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Chief Teynor answers Public Safety Building questions

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The site of the Prairie du Chien Fire Station is one of several sites considered for the location of a new Public Safety Center that would house the PdC fire station and city police station. (Steve Van Kooten/Courier Press)

By Steve Van Kooten

 

Prairie du Chien Chief of Police Kyle Teynor sat in the City Hall conference room with more than 20 business owners and professionals on Sept. 12. Dressed in uniform with his radio on his hip and his badge on his chest, Teynor’s goal was to address public concerns about the proposed Public Safety Building, a project that has attracted public attention since US Senator Tammy Baldwin visited one of the prospective sites, located along the 600 block of State St. last July. From that visit and the news coverage that followed, Teynor stated, “It threw a whole slew of assumptions and conclusions out there.” 

Teynor stipulated his answers were his perspective and did not represent the view of the city as a whole or other city officials. 

The Public Safety Building’s prospective functions included hosting city police and fire services, including housing of vehicles and equipment. Teynor stated there were no current plans for a jail facility at the location and Gundersen Ambulance, formerly considered for the building’s uses, had backed out because of the projected time frame to initiate construction.

The idea for the building was considered 7-8 years ago, according to Teynor. “In the last four years, the ball has started rolling.”

Three years ago, Prairie du Chien’s city government contracted Short Elliot Hendrickson, Inc. (SEH) for a space/need study, which resulted in an approximation of 30,000 square feet for the area needed, according to Chad Abram, City Administrator, and Nate Gilberts, City Planner.

“SEH is known throughout the Midwest, has footprints in the Fox Valley area,” Teynor said, “they’ve designed and built buildings as far as Colorado.” From there, the city approved the study in open session.

The Center project considers “significant setbacks” encountered by responder vehicles at the current police and fire stations, including the inability for vehicles to turn around before entering public streets. Teynor pointed out that, at the current station, his police vehicle has to back out into the street. “That’s not safe at all.”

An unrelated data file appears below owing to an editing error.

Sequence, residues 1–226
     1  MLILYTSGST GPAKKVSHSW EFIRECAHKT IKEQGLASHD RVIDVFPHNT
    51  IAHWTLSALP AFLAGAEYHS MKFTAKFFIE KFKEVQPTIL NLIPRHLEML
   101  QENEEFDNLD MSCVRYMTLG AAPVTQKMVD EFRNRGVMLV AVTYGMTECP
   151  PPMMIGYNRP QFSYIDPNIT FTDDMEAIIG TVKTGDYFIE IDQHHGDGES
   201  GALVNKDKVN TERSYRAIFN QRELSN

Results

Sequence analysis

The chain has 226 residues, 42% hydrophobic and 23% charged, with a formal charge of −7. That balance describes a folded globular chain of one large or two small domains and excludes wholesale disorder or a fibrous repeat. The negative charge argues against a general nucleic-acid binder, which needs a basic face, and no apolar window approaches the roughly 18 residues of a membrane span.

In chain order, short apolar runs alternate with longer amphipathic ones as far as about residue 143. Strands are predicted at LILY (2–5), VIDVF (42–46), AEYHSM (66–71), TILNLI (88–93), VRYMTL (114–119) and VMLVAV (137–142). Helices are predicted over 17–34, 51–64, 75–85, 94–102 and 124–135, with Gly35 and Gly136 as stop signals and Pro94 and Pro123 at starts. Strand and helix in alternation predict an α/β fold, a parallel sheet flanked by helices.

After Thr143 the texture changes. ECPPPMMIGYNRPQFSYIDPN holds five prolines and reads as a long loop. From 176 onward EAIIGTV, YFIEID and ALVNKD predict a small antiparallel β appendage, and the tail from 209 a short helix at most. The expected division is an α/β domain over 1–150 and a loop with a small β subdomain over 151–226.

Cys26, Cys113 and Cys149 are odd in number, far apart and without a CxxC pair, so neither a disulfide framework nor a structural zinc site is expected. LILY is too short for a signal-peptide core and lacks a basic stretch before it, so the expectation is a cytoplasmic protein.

Teynor was a part of group formed to explore “a path forward.” Group members visited analogous service buildings in other communities, such as Viroqua, to take lessons from mistakes made and learn from successes attained.

Baldwin was an important figure in the project since she helped procure federal funding. The request, approved in December 2022, allocated $4.95 million to help make the building happen. Teynor noted that the federal money wasn’t a loan, and the city was not required to return the funds as long as the money was utilized by Dec. 31, 2025. The grant was competitive; Prairie du Chien has applied in previous years and failed to obtain funding. “This could be a once in a lifetime opportunity.”

“We’ve got about half the project paid for,” Teynor said. Teynor also stated this was his estimate. Teynor stated plans for the project have ranged from $2.5 million to $18 million dollars. One of Teynor’s priorities has been to ensure the community gets a building that it needs with the proper services and resources.

Baldwin’s visit to the “old hospital location” sparked debate in the community about the building’s possible location. In August, a group of citizens from the area around State St. attended a Common Council meeting to lay out concerns about the old hospital location, which is located down the street from Prairie du Chien High School.

“We’re still exploring several locations,” Teynor said, “and not a single one is a perfect location.” Teynor stated the empty lot on Blackhawk was donated to Memorial Hospital in 1955 and Crossing Rivers owns the property “free and clear.” Teynor stated the location was the preferred property for the police department, but the location of the property was not optimal.

“That lot is large enough for what we need in my opinion,” Teynor said. The Chief of Police addressed the concern of building the service building in a residential area: “We’re located in a community right now; there’s residential houses around us. I feel like we’re pretty good neighbors.” Teynor added that he understood concerns from citizens.

Another prospective location was the site of the current fire station on Blackhawk Ave., which presented a different set of problems to be considered: existing structures would have to be taken down, fire department equipment left without proper housing for “a year and a half or more,” and the relocation of a water main that runs under the alley on the property. Additionally, Teynor stated the area now resided in a cellular tower fall radius.

A lot on Mooney St. was considered as well; however, an intersection on Mooney St. and Marquette Rd. wouldn’t allow emergency vehicles to make left turns. This would create delayed response times.

Other areas, such as property behind Blackhawk Apartments and vacant land on the South side of town posed response issues for emergency services as well.

“There’s a multitude of things at each location that gives us a curve ball,” Teynor said. “We’re trying to work through those things. I don’t think there’s a perfect location for this building, but if we squander $4.95 million, that’s a bitter pill to swallow.”

Teynor concluded with a request for anyone with questions to contact him. The Chief of Police stated he wanted to hear concerns from the community.

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